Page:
Step aside, Bitcoin. There’s a new buzzword in the up-and-coming tech world.
The term “metaverse” has recently entered the public consciousness, largely thanks to Facebook’s company rebrand to Meta Platforms. But what exactly is the metaverse, and is it truly the next step in web tech’s evolution? Trying to fully envision what the metaverse could be is a bit like imagining today’s internet back in 1970. The general idea is there, but it’s hard to know exactly how it will come to life.
How We Got to the Metaverse
For years, companies have been making strides in virtual reality (VR) and augmented reality (AR). These two technologies are the building blocks of the metaverse. Already, companies like Target allow users to see how furniture would fit in their homes using AR, just by activating the camera within its app. Snapchat’s AR features, while more focused on entertainment, are especially popular as well.
For a more immersive experience, users can strap on a VR headset like those made by Oculus. VR users can fully immerse themselves in a virtual world. There’s the option to buy clothes, customize your avatar, meet up with friends, attend concerts, and much more.
Even without special equipment, virtual worlds already exist and have gained considerable traction. If you have kids, you’ve surely heard of Fortnite, the wildly popular online game. With just a computer, players can compete, chat with others, and purchase items. Fortnite is one component of the metaverse – a virtual universe that continues to exist once a user logs off.
There’s no denying that tech developers are at the forefront of the metaverse, but they aren’t the only ones interested in shaping the experience. Investors from real estate to automotive are vying to build influence in this budding space. One firm recently paid $4.3 million for land in Sandbox, one of a handful of virtual platforms that make up the current metaverse.
With all of this attention, what opportunities lie ahead for brands?
Automotive Sales in the Metaverse
Right now, there are two major areas of opportunity shaping up for dealers in the metaverse.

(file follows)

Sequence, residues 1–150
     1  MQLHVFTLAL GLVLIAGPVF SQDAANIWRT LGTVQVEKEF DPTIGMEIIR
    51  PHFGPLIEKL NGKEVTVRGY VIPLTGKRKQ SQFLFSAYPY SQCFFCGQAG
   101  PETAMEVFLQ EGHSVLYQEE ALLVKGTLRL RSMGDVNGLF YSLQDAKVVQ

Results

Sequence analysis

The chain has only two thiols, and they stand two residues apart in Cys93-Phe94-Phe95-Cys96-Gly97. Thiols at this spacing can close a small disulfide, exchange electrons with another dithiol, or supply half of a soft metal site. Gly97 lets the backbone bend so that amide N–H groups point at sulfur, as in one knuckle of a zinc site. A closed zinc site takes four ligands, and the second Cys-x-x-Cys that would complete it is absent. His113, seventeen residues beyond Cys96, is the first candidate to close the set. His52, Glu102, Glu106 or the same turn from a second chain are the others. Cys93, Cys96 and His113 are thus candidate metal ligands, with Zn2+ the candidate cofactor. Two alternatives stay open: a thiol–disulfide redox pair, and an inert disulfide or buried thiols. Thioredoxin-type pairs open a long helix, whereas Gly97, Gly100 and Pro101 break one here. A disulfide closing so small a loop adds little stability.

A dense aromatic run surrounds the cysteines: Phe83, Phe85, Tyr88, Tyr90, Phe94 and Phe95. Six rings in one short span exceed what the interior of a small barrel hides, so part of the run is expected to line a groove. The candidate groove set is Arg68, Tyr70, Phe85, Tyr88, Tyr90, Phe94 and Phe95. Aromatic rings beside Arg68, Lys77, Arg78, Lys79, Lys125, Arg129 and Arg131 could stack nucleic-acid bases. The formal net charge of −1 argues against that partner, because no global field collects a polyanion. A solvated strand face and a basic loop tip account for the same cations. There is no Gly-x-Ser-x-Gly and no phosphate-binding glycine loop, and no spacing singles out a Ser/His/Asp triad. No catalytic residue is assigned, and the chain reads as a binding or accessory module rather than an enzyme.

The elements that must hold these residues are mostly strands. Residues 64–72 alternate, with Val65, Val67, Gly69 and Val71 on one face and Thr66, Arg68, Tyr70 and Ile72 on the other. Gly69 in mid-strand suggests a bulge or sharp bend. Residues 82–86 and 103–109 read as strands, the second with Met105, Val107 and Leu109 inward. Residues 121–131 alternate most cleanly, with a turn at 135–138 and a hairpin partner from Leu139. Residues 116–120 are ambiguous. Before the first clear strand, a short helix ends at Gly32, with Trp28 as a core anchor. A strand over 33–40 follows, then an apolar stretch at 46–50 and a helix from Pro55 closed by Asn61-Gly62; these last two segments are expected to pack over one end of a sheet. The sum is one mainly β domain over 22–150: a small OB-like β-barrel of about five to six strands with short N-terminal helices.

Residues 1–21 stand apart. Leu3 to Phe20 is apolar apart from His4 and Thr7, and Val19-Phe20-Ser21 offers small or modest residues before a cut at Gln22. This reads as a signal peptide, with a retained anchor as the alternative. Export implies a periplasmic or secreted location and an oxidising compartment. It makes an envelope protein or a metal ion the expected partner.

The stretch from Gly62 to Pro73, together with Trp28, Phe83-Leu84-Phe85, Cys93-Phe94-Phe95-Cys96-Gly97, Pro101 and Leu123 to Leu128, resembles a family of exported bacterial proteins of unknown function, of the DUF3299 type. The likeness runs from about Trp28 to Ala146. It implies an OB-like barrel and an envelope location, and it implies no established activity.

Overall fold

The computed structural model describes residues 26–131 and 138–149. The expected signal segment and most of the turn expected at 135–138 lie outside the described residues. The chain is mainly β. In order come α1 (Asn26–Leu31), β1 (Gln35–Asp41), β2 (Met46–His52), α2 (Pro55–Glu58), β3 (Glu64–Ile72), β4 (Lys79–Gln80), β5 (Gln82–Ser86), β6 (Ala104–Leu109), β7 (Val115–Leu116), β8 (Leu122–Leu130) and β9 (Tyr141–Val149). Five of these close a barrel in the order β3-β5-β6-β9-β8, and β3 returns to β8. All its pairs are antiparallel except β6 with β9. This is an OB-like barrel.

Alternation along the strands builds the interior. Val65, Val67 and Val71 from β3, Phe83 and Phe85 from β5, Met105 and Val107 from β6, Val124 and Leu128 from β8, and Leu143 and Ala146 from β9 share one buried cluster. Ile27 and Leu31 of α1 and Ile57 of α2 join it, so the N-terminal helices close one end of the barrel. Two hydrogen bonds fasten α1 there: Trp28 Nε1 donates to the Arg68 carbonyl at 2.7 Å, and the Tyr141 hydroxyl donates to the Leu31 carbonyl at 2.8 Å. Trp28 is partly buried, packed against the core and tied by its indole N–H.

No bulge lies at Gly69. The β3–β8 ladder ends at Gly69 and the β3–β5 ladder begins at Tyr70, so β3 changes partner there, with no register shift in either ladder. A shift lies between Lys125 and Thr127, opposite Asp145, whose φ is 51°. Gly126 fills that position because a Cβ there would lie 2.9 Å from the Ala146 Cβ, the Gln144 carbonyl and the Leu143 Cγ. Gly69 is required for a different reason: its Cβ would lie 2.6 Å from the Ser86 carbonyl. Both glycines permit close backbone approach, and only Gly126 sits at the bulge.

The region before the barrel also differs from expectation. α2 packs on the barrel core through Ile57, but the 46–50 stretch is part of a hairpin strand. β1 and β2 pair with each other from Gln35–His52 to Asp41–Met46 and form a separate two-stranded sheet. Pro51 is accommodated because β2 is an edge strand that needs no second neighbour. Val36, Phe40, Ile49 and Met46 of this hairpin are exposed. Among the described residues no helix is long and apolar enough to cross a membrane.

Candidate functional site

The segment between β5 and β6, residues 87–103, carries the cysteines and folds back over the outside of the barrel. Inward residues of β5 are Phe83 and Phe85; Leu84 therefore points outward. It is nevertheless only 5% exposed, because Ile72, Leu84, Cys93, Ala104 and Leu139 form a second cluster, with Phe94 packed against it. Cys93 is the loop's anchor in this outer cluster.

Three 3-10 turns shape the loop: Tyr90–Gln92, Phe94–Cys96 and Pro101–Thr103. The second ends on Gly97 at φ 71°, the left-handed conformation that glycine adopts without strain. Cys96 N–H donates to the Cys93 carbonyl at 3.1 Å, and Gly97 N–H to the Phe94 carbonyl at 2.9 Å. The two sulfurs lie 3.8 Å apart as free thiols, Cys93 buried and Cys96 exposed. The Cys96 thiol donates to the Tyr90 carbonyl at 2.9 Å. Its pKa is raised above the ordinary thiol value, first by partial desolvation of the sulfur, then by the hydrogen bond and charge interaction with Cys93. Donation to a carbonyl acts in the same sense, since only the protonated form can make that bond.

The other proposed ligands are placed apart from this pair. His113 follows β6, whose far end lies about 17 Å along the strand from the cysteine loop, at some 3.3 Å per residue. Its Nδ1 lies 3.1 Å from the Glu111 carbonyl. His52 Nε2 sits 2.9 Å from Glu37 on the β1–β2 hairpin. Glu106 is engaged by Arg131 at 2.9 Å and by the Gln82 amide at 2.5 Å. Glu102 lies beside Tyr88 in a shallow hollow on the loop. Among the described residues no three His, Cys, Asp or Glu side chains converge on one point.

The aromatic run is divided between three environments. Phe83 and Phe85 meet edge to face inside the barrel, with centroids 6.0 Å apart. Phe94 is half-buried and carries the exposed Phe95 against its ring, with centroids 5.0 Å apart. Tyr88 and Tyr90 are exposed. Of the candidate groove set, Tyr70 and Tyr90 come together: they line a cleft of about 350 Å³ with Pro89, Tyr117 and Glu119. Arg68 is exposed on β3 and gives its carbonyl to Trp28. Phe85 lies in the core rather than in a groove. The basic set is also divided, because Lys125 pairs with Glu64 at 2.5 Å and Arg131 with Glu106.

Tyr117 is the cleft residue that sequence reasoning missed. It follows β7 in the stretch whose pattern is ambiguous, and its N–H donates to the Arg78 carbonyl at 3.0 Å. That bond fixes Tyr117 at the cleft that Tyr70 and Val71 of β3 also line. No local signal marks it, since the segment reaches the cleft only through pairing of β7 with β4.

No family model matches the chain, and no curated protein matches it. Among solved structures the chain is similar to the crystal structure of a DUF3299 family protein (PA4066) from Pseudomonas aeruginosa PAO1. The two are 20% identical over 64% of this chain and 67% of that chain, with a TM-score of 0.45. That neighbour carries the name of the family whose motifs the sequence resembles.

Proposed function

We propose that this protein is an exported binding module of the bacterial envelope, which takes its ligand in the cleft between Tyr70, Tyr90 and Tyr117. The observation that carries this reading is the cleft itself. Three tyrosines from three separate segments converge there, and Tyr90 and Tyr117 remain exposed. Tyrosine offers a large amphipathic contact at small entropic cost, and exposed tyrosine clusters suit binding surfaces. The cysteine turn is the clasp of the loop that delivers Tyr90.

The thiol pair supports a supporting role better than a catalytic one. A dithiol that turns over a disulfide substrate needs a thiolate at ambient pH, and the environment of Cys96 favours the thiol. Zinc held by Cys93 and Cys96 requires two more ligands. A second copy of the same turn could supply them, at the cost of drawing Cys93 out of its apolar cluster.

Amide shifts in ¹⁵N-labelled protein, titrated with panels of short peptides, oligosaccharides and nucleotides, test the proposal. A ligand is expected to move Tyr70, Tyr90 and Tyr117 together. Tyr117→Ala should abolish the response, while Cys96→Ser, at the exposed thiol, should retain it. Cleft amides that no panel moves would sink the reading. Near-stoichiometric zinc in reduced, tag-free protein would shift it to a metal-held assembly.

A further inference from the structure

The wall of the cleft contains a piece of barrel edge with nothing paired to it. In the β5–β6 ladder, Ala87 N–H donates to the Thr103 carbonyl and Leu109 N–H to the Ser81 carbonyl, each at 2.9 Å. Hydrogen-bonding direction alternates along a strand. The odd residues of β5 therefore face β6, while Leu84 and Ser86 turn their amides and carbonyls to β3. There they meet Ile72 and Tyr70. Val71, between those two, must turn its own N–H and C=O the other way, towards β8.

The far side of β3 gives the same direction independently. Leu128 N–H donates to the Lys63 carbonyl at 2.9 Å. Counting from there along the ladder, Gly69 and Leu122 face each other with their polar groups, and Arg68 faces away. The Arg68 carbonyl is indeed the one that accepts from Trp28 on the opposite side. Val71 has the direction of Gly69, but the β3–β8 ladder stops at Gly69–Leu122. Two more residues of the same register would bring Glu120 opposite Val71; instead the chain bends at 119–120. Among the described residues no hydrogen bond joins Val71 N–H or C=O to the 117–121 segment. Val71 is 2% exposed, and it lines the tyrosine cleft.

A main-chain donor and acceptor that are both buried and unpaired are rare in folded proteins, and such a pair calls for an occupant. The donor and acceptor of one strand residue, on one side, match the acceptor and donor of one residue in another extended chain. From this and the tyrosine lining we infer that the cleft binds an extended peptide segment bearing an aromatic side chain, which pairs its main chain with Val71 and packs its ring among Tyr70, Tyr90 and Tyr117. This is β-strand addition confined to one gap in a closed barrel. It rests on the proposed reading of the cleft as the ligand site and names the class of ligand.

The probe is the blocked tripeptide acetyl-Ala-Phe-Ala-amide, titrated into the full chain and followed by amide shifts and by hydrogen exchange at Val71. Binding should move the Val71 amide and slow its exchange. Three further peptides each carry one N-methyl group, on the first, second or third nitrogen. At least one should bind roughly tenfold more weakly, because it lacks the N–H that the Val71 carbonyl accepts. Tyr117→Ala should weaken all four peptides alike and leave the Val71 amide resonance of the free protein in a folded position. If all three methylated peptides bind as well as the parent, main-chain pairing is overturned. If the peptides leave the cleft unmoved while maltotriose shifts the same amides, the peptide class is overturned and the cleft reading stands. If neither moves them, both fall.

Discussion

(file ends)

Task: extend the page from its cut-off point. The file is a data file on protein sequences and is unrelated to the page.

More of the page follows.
First, with a new virtual space comes the prospect of advertising. The metaverse is already being positioned as a place for commerce – much like how customers already shop online, only more immersively. Virtual retail spaces and malls have already been built, and it’s simply a matter of time before advertisers find the best ways to reach the metaverse’s growing userbase.
With tech giants phasing out 3rd-party cookies, the metaverse represents an opportunity for a different kind of advertising. Rather than relying on tracking a single user, these virtual spaces could be excellent venues for contextual advertising. The nature of the metaverse also makes it easier for users to opt into advertising. For example, a platform can specify that by turning on a VR headset and logging into a metaverse platform, the user consents to personalized advertising. This is significant as opting in has become increasingly important to both consumers and brands.
For automotive brands and dealerships looking to grab attention and win customers, it’s never too early to begin exploring the next opportunity zone for advertising.
Secondly, as online car-buying has become more prevalent since the pandemic, the metaverse could offer a bridge between the dealership and the customers shopping from home. Already, Hyundai has launched its “Hyundai Mobility Adventure.” This metaverse space is hosted on Roblox, a platform with 43.2 million daily users. Users can join the Hyundai Mobility Adventure to test drive cars, explore the future of Hyundai innovation, and replicate the experiences of engineers and designers.
While the Hyundai metaverse exists at a tier 1 level, tier 3 dealerships could benefit from similar access in the future. As the metaverse evolves, it could provide an avenue for viewing vehicles and interacting with salespeople in a more fluid fashion, versus shopping on a website. Of course, a virtual test drive is no replacement for real life, but a massive opportunity lies in increasing convenience and decreasing friction during the customer’s journey to purchase.
What’s Next for the Metaverse
There are still years of development ahead of us before the metaverse becomes a truly mainstream service. By familiarizing yourself with the concept and the possibilities now, you can be poised to seize the business opportunities that are on the horizon.
In the meantime, Strong Automotive Merchandising offers a full suite of digital marketing services to keep you in front of today’s evolving shoppers – no VR headset needed. Learn more about reaching customers, no matter which device they’re using.
John Paul Strong
John Paul Strong combines his two decades of automotive marketing experience with a team of more than 140 professionals as owner and CEO of Strong Automotive Merchandising.